Two webinars and three workshops with engaging and inspiring speakers.
In the first webinar, on Monday, June 13th,
Prof. Willie James Jennings (Yale University, USA) will offer an in-depth introduction to the conference theme.
On Wednesday, June 15th,
Prof. Judith Frishman (Leiden University, Netherlands), Prof. Pavel Hošek (Charles University in Prague, Czech Republic) and Dr Michael Trainor (Australian Catholic University in Adelaide) will elaborate on the theme by exploring the issues of false prophets, false prophecies, and false hopes as part of the second webinar.
The three subsequent workshops
will deal with stories emerging from various contexts and traditions as well as the impact of the war in Ukraine.
Please save the date not to miss this exciting event!
More information is coming in due time.
Together with the "Christian Scholars Group" we cordially invite you
to share with us your reflections and thoughts about the video series "Presenting the Passion … without blaming 'the Jews'" published on the ICCJ website:
- How have the videos affected your own observance of Holy / Passion Week?
- What would you say is the most important message you take away from the videos?
- Was there a point made that was unclear or that you would like to ask more about?
- Are there other topics that you would like to see explored in this way?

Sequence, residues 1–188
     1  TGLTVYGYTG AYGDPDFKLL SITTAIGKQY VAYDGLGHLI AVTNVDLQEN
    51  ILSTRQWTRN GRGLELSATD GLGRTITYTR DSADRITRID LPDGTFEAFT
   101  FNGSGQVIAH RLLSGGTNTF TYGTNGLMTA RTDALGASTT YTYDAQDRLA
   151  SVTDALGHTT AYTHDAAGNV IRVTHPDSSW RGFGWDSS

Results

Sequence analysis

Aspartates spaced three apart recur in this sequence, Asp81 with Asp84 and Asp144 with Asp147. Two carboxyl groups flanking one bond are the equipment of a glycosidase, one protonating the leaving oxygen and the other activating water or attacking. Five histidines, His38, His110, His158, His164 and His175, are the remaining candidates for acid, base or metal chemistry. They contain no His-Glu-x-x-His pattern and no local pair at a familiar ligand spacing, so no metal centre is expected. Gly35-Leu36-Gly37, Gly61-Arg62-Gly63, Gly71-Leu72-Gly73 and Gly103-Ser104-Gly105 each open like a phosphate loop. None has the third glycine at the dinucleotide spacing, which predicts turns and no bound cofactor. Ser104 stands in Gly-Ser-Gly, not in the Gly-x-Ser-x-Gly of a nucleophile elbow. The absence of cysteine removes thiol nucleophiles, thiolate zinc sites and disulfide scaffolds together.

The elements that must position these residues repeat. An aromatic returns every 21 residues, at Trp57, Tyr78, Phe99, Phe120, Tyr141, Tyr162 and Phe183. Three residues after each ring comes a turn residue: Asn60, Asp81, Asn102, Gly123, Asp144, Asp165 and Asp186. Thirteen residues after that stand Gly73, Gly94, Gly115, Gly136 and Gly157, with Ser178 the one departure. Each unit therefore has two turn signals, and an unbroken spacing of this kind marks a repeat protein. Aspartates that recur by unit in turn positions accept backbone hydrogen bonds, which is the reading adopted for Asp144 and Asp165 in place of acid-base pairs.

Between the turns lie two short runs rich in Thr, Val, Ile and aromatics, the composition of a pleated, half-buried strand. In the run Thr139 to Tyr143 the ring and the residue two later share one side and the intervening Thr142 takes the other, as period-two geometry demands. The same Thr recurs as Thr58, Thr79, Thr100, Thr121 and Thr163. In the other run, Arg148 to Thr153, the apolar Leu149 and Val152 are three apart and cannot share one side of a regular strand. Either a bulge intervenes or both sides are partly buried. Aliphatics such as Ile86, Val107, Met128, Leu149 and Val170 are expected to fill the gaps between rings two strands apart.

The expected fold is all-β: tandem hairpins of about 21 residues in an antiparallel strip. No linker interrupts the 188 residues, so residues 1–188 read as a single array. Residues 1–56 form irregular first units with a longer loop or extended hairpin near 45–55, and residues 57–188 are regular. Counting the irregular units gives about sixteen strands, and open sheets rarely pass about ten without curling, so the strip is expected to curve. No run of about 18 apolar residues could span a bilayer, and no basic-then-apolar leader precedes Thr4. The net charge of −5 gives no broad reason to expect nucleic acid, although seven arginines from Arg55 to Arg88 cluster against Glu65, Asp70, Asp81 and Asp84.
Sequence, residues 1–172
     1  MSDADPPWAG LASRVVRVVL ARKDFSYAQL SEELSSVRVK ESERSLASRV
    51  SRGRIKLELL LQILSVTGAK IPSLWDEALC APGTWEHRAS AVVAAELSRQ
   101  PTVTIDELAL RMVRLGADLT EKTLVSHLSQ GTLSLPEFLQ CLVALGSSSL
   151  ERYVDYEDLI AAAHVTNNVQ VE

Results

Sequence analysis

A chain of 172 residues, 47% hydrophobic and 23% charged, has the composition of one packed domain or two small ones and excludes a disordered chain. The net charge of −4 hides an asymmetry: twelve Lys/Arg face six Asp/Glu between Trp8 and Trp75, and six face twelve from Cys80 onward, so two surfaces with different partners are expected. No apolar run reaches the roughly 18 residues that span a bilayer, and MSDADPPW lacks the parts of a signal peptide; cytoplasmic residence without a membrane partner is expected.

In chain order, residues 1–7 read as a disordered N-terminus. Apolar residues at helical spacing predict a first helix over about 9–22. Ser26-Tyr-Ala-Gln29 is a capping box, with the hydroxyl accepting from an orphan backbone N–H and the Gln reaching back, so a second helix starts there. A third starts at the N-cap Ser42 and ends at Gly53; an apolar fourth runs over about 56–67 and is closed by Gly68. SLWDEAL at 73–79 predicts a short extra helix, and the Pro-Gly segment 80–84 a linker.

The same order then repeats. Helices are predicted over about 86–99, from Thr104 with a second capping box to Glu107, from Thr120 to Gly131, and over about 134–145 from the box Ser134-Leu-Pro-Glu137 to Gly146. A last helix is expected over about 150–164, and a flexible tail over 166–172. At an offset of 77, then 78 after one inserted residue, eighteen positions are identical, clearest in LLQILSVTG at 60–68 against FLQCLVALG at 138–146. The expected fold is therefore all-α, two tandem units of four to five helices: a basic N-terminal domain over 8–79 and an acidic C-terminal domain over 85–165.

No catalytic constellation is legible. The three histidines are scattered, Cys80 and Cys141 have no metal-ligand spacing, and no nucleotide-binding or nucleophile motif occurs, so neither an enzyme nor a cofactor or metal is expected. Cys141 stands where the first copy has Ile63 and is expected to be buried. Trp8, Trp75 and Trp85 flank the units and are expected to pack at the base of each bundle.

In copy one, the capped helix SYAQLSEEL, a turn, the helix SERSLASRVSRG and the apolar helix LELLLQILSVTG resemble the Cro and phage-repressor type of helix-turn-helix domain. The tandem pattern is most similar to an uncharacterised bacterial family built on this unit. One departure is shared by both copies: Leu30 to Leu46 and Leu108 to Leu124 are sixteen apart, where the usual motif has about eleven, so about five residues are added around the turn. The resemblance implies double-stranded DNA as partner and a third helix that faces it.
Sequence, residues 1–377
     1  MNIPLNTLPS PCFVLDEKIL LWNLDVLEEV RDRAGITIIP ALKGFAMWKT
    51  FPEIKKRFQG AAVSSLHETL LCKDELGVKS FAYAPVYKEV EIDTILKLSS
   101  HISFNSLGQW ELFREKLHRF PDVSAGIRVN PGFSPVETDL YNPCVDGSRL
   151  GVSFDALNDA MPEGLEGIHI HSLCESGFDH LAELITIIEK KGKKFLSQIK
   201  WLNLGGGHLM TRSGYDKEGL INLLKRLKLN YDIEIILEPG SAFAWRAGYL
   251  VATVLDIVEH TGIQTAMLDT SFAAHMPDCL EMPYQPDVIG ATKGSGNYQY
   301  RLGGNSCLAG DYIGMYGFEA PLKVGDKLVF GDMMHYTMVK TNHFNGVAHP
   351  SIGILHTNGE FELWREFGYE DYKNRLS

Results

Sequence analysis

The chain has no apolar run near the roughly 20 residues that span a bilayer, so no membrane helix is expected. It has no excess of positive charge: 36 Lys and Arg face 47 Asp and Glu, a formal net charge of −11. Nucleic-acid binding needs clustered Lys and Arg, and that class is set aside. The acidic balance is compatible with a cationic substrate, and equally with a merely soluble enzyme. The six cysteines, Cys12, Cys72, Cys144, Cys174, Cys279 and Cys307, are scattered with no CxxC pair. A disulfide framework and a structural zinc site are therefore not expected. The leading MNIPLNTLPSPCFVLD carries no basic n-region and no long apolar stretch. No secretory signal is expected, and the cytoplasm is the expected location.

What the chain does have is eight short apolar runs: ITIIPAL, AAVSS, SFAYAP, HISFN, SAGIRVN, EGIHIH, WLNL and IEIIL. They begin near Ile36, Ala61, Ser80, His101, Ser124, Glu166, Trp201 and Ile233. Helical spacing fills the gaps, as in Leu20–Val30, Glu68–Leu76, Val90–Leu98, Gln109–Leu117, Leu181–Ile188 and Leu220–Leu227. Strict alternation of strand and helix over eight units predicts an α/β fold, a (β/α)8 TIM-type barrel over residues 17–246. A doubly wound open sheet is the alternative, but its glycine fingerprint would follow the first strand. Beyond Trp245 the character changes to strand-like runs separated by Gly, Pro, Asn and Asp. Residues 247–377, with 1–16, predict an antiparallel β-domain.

Please visit our page "Passion Video Series" and follow there the link to a feedback form [Google]; feel free to answer the questions in a language of your choice.
About This Video Series:
Jesus’ Passion – arrested, sentenced to death, crucified – is retold through readings in Christian services during Holy Week. Tragically, over the centuries, these retellings have caused enmity between Christians and Jews and have even led to murderous violence. Such sinful consequences are contrary to the Good News of Christ.
In this series, members of the Christian Scholars Group on Christian-Jewish Relations, along with two Jewish advisors, explore four scenes in the Passion story. Based on decades of research, they consider how Jesus’ Passion can be presented in fresh ways that repudiate anti-Jewish biases and illuminate the gospel message. This task is a sacred obligation (see: A Sacred Obligation: Rethinking Christian Faith in Relationship to Judaism and the Jewish People)